You know what I love most about swimming? How perky my breasts get. All round and full and buoyant. Gorgeous, really! And floating right up there where they should be.
It’s so deflating when I get out.
My husband tells me not to worry. He still sees me perfect.
“What? When you shut your eyes?”
“Well, I don’t have to shut them.”
“I’m just saying . . . .” he says, when I give him that look.
But I know what he means, this man who is fast turning into his father the older he grows. And his father! That scrawny, bald-headed buzzard was never much to look at, even when we met. Certainly nothing like his son, who I’m telling you, was hot enough to burn rubber back then.
There comes a time when the body loses its elasticity to such a degree, that you just start spilling out of it. You just aren’t there anymore.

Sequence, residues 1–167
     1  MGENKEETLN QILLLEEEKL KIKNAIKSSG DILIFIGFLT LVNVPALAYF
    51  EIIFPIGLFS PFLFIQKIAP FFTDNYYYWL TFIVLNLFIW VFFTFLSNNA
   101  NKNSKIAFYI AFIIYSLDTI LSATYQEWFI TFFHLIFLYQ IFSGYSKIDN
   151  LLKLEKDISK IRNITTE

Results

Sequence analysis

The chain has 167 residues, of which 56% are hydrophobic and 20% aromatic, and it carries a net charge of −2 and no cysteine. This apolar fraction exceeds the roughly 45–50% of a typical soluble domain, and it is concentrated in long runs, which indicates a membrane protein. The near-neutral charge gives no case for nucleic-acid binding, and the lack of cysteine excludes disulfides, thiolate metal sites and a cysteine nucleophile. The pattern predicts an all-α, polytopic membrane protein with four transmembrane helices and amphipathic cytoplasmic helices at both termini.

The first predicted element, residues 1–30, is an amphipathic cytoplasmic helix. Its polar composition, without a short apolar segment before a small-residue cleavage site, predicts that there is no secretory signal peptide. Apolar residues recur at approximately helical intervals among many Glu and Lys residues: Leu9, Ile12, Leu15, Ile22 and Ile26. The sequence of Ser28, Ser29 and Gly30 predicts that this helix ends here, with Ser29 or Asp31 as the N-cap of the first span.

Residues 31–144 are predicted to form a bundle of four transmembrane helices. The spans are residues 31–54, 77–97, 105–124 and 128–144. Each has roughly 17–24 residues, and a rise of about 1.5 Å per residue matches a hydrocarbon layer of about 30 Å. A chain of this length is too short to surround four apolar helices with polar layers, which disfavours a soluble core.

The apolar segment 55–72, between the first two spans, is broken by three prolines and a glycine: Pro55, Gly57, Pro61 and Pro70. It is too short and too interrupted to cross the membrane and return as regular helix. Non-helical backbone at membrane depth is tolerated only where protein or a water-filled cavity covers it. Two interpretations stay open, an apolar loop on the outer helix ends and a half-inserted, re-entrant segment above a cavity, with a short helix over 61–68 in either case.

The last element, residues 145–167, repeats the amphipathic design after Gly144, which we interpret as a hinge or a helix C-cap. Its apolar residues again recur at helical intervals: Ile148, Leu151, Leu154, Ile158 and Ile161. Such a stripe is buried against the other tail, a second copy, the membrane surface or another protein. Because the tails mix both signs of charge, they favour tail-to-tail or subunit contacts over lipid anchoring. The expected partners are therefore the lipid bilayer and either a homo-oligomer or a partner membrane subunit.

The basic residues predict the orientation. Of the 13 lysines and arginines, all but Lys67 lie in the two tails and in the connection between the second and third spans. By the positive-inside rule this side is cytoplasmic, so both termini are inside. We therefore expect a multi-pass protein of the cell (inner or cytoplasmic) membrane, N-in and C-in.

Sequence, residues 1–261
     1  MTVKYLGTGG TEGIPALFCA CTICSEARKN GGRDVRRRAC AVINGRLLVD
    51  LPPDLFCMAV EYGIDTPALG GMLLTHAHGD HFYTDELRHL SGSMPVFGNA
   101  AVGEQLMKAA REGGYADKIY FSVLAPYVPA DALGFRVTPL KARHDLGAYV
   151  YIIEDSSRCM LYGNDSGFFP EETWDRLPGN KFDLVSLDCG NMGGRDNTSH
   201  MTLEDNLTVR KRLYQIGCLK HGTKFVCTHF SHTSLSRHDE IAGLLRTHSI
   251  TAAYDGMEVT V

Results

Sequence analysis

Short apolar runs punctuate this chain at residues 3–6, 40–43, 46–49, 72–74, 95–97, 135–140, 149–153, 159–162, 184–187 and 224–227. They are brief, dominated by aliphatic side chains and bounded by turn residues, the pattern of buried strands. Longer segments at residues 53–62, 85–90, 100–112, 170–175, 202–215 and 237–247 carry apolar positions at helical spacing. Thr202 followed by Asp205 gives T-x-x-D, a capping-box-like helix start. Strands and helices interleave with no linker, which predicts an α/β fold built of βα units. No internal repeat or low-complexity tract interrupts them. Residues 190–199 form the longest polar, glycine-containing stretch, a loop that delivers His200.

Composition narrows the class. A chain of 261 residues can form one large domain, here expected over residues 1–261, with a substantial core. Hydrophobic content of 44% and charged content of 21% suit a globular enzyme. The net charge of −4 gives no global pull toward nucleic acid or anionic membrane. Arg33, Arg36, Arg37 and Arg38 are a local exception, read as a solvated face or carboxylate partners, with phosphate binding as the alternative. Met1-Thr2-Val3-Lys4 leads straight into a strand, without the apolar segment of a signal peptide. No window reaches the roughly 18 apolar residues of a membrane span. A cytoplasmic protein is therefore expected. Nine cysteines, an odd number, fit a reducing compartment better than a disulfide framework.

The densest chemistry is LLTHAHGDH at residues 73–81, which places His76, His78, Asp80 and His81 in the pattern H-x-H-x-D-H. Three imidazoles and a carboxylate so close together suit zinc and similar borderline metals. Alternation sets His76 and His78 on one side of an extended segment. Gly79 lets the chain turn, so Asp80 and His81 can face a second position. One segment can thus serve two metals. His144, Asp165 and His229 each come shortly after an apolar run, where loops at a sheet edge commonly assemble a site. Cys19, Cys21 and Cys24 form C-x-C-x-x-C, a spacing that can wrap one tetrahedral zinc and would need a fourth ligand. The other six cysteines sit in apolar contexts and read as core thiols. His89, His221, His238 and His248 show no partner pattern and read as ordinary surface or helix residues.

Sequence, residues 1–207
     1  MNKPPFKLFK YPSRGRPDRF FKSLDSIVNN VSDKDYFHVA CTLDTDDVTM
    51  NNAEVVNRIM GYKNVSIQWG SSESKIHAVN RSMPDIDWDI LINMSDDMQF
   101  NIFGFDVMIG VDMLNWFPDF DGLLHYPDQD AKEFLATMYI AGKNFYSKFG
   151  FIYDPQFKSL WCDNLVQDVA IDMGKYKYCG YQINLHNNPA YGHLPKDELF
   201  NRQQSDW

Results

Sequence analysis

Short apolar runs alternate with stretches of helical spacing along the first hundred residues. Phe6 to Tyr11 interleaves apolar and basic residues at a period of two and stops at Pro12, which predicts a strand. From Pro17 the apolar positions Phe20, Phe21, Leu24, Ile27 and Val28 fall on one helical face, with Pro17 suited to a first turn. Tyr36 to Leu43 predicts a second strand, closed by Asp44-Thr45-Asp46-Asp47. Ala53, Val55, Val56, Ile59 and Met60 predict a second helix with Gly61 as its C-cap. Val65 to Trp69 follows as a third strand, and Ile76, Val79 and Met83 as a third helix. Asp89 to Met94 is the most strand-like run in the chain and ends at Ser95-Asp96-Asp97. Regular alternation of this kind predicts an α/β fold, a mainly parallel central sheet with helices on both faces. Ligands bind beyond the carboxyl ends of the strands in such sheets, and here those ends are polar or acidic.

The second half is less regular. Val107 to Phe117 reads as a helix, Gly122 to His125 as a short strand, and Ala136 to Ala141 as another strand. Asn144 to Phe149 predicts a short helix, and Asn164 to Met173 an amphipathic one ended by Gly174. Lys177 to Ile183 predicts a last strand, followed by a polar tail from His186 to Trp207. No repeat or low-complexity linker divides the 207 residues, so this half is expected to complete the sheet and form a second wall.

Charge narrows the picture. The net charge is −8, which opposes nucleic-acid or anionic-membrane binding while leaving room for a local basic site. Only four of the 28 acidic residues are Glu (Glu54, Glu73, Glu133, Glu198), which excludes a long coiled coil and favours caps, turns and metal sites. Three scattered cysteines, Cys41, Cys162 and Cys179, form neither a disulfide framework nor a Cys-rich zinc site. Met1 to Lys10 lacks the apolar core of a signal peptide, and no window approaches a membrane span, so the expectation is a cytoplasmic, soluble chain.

That person in the mirror? Not me now. Not sure where I am. Hovering somewhere around the body maybe. But more outside than in. And him, too. This man I married.
What I see now is not a body, but a being. A living, thinking, breathing being who just happens to fit perfectly into my arms. Someone I want to grow old with. And not just “till-death-do-you-part” old. But old. As in ancient.
Man-in-the-moon old. Mountains melting into the sea, old. Earth spinning off its axis, old.
Starships dodging dark holes, novae bursting into newness. . . . you see what I mean.
Here’s another short story I wrote:
And here’s a true-life love story: